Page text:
A Connecticut man condemned to die for killing a woman and her two daughters during a 2007 home invasion has been resentenced to life in prison without the possibility of parole because the state abolished the death penalty.
A state judge in New Haven resentenced Joshua Komisarjevsky on Tuesday to six consecutive life terms.
He became the third death row inmate to have his sentence changed to life in prison since the Connecticut Supreme Court ruled last year that the death penalty violated the state constitution's prohibition on cruel and unusual punishment. Eight other condemned inmates await resentencing.
"From a point of view from a citizen of Connecticut, I wish would go back and not spend all the money we spent on this trial. As you recall, we were willing to plead and take a life sentence," said Jeremiah Donovan, defense attorney.
Komisarjevsky and Steven Hayes were sentenced to death for killing Jennifer Hawke-Petit and her two daughters, Hayley and Michaela Petit, in Cheshire.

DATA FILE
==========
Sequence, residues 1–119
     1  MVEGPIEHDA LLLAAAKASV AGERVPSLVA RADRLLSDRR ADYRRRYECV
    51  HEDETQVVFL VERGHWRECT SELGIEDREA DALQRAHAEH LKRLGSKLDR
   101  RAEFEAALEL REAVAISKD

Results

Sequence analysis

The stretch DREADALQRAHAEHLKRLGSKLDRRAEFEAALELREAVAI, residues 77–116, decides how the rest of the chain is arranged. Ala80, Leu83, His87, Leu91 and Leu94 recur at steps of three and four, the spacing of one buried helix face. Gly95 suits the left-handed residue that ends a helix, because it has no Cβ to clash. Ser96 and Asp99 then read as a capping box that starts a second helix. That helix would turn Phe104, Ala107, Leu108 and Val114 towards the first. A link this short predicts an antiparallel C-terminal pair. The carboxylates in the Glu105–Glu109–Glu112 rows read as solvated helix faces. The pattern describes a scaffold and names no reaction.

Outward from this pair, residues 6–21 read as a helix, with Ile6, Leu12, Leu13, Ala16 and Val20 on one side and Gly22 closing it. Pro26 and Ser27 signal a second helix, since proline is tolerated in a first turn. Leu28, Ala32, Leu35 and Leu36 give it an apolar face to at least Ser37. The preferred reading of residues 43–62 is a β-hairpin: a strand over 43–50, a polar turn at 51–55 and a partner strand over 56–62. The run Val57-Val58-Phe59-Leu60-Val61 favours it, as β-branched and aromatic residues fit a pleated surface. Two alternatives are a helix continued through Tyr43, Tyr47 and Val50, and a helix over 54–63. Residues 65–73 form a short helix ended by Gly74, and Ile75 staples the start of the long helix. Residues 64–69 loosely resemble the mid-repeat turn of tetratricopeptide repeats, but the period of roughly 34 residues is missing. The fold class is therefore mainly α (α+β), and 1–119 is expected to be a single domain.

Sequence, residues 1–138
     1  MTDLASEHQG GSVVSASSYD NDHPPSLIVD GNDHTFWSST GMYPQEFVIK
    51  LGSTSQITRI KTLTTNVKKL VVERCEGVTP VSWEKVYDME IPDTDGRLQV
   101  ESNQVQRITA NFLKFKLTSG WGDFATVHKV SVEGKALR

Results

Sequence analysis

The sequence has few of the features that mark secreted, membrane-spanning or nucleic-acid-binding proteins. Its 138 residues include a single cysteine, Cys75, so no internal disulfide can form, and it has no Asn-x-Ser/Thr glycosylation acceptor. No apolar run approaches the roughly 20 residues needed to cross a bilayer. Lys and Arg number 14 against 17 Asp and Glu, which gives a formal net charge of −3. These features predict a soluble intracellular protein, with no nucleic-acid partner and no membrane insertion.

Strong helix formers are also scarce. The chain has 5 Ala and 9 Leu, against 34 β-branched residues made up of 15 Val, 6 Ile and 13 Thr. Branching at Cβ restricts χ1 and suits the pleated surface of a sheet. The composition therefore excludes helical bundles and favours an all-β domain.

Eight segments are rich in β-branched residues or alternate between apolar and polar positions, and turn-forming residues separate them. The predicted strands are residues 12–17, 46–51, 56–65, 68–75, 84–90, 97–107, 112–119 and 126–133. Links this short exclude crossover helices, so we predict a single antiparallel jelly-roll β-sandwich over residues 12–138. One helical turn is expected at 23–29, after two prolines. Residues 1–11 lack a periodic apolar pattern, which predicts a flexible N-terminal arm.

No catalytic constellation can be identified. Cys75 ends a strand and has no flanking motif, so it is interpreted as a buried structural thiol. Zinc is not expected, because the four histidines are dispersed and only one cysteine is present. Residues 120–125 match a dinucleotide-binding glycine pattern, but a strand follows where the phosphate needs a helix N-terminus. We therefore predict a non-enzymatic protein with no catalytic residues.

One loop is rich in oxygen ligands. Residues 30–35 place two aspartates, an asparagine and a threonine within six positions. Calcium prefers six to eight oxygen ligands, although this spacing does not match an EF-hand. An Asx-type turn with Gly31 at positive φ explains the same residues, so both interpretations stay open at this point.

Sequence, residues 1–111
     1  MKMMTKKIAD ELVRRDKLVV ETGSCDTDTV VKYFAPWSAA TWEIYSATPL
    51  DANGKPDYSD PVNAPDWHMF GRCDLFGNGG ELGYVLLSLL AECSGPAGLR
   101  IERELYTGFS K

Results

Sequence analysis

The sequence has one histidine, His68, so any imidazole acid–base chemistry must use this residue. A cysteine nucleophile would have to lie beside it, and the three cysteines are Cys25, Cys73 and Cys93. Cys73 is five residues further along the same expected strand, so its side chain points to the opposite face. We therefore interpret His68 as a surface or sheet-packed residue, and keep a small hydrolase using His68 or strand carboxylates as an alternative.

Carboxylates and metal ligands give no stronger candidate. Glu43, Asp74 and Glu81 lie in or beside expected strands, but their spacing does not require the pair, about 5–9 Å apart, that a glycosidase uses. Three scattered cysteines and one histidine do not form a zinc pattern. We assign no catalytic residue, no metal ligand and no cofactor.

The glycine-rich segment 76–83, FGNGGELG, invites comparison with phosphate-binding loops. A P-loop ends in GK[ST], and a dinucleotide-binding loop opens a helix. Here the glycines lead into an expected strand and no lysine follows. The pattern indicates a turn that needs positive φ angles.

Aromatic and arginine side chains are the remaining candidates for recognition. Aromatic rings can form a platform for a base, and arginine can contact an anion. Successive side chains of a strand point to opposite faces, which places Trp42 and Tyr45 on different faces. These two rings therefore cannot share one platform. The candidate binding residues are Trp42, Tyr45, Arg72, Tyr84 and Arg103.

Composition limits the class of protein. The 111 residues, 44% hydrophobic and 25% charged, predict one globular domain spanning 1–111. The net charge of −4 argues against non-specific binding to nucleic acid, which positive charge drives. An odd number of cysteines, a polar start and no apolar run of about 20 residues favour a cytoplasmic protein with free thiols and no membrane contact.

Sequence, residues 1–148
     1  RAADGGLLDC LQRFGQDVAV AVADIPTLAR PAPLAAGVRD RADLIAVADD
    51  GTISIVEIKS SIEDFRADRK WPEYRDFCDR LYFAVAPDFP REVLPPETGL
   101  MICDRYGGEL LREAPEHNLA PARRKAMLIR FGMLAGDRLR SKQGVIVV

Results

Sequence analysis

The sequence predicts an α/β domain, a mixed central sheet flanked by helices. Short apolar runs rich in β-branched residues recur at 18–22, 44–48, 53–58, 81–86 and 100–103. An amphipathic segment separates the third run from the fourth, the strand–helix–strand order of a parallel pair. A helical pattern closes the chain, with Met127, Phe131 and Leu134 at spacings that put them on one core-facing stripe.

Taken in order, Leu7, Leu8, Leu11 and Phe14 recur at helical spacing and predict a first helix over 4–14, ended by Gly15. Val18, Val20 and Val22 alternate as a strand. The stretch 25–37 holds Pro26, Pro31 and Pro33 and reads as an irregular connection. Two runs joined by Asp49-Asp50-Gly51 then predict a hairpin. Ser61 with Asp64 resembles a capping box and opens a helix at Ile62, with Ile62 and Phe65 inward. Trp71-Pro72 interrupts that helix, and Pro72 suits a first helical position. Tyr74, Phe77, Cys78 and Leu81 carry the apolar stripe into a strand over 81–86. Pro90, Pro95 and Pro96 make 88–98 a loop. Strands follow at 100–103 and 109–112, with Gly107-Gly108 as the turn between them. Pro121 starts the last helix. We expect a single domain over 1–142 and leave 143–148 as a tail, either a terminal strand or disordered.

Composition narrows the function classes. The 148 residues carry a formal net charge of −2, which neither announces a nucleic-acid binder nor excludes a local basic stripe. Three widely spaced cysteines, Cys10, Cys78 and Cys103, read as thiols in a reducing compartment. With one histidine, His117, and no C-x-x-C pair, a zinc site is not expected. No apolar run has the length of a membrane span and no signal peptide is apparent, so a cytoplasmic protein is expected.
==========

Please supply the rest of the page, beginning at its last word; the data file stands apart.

The two men had followed the family home from a supermarket, and returned overnight to break into the house.
In the morning, they forced Hawke-Petit to go to a bank and take out money, later sexually abusing her and her youngest daughter, before setting the house on fire and fleeing.
Dr. William Petit, who was tied up and badly beaten, managed to escape.
Hayes was resentenced last month to life in prison.
At the time, Petit called it a sad day, saying the legislature and Supreme Court ignored the wishes of the people in Connecticut.
Komisarjesky, who is still appealing his conviction, is the third Connecticut inmate to be re-sentenced.
Copyright 2016 WFSB (Meredith Corporation). The Associated Press contributed to this report. All rights reserved.